That shouldn’t necessarily matter to US interests except that the President has made stopping this war a matter of credibility for both the US and the international community. He should have said nothing. Instead, he keeps shooting his mouth off and is going to end up engaging in some half assed response like he did in Libya only with worse results.

      1. “That is half the number of Iraqis killed during the entire US occupation and civil war.”

        I’m not sure that makes the point you thin it makes.

        1. It makes the exact point I was making. Half as many people have died in a bit over a year in Syria as died in 8 years in Iraq. The truth is Iraq wasn’t particularly bloody as civil wars go. Syria is much bloodier and worse than anything that happened in Iraq. But admitting that fact requires admitting that the US was a positive influence on the situation. And we all know, that can never be the case in Peacenik land.

    4. Nation-building!

    5. What’s our goal in Syria? I mean, what outcome are we trying to get to? I don’t see it. At all.

      Define “our” and “we”.

      1. Sadly, I mean the government that purportedly operates in our name.

        1. I don’t recall them asking for my opinion on any of this shit.

          1. Obama was clear: We are the government, and the government is us. Therefore, your opinion is being exercised right now.

            1. “Therefore, your opinion is being exercised excised right now.”

              FIFY FYTW

    6. What’s our goal in Syria? I mean, what outcome are we trying to get to? I don’t see it. At all.

      Obama’s peace prize needs to occasionally be watered with the blood of some people… this represents another opportunity.

    7. What’s our goal in Syria?

      I think Tom Hanks captured it best:

      Chung Mee: Opium is my business. The bridge mean more traffic. More traffic mean more money. More money mean more power.
      Lawrence Bourne III: Yeah, well, before I commit any of that to memory, would there be anything in this for me?
      Chung Mee: Speed is important in business. Time is money.
      Lawrence Bourne III: You said opium was money.
      Chung Mee: Money is Money.
      Lawrence Bourne III: Well then, what is time again?

    8. The goal is clear;
      1. Spend as many American dollars as possible on advanced weapon systems blowing up hard targets.
      2. Get high quality footage of explosions on CCN as often as possible.
      3. Wag the dog.
      4. Up the “Defense” budget 20% next year to justify.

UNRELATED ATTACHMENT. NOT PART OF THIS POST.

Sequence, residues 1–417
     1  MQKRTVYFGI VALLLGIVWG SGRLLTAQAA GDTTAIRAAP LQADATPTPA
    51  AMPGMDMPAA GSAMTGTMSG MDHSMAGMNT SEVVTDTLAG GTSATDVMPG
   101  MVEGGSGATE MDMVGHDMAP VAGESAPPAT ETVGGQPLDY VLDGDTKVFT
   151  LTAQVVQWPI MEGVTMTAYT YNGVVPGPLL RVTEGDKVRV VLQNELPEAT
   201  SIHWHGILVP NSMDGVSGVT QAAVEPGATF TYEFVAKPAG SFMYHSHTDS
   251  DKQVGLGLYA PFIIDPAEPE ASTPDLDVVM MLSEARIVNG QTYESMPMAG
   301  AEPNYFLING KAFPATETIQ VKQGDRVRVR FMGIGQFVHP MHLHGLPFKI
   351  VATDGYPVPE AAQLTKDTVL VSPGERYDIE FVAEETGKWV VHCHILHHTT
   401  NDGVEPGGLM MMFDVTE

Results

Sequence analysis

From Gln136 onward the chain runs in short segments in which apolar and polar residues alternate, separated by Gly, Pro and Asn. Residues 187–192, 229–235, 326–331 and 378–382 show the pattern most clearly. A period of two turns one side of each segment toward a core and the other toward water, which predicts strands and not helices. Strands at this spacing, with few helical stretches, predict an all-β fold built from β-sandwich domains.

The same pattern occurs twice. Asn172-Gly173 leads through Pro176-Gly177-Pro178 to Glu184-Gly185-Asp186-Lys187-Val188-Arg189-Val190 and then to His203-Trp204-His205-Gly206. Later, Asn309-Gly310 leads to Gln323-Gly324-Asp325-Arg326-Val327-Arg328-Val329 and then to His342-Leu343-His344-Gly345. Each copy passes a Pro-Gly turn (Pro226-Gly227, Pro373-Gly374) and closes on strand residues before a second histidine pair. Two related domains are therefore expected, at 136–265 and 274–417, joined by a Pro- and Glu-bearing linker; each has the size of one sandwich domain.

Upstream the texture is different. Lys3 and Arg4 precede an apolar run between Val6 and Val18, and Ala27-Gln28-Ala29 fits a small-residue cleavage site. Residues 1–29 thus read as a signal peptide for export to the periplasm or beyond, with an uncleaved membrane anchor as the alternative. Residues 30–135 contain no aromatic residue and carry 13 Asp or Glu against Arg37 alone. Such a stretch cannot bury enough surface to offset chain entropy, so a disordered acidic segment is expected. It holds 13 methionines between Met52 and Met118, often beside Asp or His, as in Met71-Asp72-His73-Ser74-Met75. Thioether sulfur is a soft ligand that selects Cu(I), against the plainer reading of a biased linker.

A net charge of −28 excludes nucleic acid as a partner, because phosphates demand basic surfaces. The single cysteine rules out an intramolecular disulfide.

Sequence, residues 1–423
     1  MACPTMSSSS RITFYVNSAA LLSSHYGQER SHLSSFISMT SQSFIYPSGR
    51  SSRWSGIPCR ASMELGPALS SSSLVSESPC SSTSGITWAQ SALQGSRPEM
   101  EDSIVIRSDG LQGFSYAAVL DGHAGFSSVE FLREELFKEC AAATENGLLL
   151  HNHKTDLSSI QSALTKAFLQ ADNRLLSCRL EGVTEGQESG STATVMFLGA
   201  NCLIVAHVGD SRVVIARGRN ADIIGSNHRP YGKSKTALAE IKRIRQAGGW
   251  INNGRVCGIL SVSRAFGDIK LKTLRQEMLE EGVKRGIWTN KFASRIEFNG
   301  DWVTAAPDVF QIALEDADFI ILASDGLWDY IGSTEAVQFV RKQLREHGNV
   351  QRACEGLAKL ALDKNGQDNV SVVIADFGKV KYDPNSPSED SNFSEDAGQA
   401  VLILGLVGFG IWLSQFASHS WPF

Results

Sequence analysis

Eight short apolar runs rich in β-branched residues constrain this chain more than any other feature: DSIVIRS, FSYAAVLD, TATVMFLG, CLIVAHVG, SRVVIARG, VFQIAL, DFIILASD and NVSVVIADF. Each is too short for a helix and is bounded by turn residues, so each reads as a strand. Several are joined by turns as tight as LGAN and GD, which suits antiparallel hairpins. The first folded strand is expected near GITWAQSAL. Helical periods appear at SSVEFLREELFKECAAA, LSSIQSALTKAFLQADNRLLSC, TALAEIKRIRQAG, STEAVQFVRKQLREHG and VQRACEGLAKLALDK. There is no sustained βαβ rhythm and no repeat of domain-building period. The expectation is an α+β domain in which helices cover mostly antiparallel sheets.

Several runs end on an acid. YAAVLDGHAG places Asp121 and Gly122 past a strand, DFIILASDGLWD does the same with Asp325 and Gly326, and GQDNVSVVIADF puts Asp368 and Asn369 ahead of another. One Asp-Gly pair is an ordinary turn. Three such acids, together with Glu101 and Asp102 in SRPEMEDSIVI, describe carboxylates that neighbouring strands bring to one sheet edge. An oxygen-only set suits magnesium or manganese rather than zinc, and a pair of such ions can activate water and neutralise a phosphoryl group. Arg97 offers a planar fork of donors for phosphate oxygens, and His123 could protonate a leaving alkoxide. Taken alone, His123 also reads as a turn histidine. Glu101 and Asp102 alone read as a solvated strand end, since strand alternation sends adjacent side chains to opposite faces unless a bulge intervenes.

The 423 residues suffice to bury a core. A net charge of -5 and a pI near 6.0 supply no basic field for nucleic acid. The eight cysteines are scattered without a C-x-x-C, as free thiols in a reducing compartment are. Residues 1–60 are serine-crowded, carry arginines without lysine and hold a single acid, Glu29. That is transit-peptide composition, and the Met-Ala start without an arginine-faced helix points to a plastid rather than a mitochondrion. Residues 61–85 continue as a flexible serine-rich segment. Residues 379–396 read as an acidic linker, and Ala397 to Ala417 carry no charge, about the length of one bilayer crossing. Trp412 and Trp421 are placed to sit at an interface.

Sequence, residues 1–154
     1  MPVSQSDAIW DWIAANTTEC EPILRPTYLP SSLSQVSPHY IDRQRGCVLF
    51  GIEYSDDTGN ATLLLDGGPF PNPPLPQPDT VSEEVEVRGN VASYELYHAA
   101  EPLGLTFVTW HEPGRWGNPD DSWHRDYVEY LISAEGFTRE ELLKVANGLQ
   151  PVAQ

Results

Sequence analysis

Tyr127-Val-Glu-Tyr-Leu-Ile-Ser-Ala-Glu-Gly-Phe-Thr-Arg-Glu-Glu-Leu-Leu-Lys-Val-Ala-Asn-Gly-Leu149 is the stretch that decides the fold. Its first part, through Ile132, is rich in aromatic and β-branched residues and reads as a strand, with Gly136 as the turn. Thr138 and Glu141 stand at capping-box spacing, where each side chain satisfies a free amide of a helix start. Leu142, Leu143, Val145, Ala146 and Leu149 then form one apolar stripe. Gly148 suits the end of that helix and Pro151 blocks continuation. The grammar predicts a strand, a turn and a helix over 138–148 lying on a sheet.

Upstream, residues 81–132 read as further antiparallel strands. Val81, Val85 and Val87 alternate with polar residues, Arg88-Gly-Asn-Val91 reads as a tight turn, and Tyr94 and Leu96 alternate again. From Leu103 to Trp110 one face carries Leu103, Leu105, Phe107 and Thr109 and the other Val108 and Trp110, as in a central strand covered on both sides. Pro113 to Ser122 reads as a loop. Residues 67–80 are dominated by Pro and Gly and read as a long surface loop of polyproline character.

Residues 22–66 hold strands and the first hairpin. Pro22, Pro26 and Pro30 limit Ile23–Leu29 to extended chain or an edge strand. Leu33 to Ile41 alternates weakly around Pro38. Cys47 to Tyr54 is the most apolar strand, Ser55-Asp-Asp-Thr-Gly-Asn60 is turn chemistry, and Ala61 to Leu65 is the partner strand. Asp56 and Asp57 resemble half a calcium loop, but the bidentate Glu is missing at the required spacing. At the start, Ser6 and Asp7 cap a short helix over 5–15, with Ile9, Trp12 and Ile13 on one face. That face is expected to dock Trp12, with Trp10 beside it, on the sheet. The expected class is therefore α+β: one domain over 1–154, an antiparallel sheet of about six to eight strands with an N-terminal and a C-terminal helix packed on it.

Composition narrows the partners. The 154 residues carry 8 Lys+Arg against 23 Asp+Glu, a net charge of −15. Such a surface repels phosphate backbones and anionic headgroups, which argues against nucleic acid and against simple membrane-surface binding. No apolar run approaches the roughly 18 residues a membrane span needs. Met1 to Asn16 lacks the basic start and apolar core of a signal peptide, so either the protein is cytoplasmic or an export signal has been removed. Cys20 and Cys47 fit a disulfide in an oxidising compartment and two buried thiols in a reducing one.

2. Option 6: Do nothing.

    1. And Tonio beat me to it; why isn’t there a “don’t get fucking involved” option?

      1. Oh, it’s an option. One that’s been discarded.

      2. Because DO SOMETHING.

        1. “Not our problem. Sorry.”

      3. (clutches pearls) We must do something! Each of options 1-5 is something. Therefore, we must do one of them.

        1. We must do something. Cross-posting is something.

          1. I am going to pat my head and rub my belly at the same time and then declare victory!

          2. ProL, have the Doctor taken away to the Agony Booth for cross posting. Also, shave that goatee.

            1. When I shave in the Mirror Universe, I use Gillette Fusion/ProGlide Power Razor/Agonizer for the closest shaves and the best quality negative reinforcement.

              1. (powers up Tantalus Device, lazily targets ProL)

                1. Ow! Oh, yeah? Nomad, the biological unit Episiarch has committed error. Please sterilize.

                  1. That unit’s mind was in chaos.

        2. Each of options 1-5 is something. Therefore, we must do one of them.

          In that case, why not do all five? Then we won’t be just doing something, we’ll be doing five somethings. That’s 5 times moar bettar!

      4. Because Option 6 is a Koch Brothers plot.

        By the way, Tonio, I will henceforth refer to the Libertarian option or plan for ANYTHING, ever in the future, forever and ever, amen, as “Option 6”.

        I’ll give credit when practical. Because “Option 6” sounds cool and just ever so slightly sinister.

        1. Taggart: I got it! I got it!

          Hedley Lamarr: You do?

          Taggart: We’ll work up a Number 6 on ’em.

          Hedley Lamarr: [frowns] “Number 6”? I’m afraid I’m not familiar with that one.

          Taggart: Well, that’s where we go a-ridin’ into town, a-whompin’ and a-whumpin’ every livin’ thing that moves within an inch of its life. Except the women folks, of course.

          Hedley Lamarr: You spare the women?

          Taggart: Naw, we rape the shit out of them at the Number Six Dance later on.

          Hedley Lamarr: Marvelous!

      5. Option 6 is a political option. It’s not a military option. There is a specific reason why it would not appear on a document from the Pentagon.

        1. You are absolutely correct. My bad.

          1. I’ll bet Option 6 doesn’t appear on any administration documents anywhere, for anything…

    2. “You are…Number 6.”

      Now report to the Island for re-education.

    3. Option 6 is sending Bloomberg to Syria, which is actually better than doing nothing.

      1. Send Ray Kelly along to stop n’ frisk the rebels for illegal weapons.

        1. It is assumed that Bloomy takes is blue army with him to subdue the local population with stop-n-frisk.

      2. See? It works. “Option 6″… it’s officially a meme. With me at least.

  3. There’s no Syrian von Stauffenberg? One would think that with 100,000 dead already and no end in sight, some “rebel” would be willing to take out Assad in exchange for his own life. Presidents, generals, etc. are always reachable at some point.

    1. And then what? Assad is not alone, he has many supporters who support him if for nothing else because they see themselves hanging from lamp posts if they don’t win.

      1. Maybe #3 goes to rebels and offers to betray #2 in exchange for a flight to Geneva and a fat bank account? Better options than USA sending in the 101st Airborne.

        1. 101st Airborne. How quaint. We can drone the Assad administration without risking a single American life. You do remember the chest-pounding and crowing from progressive-nobel-peace-prize land about the success in Libya?

    2. “take out Assad in exchange for his own life”